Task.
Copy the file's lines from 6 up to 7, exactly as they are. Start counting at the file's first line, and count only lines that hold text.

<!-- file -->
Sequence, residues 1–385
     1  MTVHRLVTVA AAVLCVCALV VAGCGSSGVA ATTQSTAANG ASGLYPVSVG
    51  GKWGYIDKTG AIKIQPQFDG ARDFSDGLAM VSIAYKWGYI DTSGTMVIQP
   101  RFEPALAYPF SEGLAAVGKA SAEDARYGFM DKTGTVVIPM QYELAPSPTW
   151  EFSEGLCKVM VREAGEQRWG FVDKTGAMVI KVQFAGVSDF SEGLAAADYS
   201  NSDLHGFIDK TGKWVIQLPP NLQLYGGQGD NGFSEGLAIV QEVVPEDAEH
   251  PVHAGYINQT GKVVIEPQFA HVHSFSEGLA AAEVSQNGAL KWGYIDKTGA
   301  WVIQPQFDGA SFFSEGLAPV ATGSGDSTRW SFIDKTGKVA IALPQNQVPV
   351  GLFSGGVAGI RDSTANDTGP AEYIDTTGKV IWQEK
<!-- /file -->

   201  NSDLHGFIDK TGKWVIQLPP NLQLYGGQGD NGFSEGLAIV QEVVPEDAEH
   251  PVHAGYINQT GKVVIEPQFA HVHSFSEGLA AAEVSQNGAL KWGYIDKTGA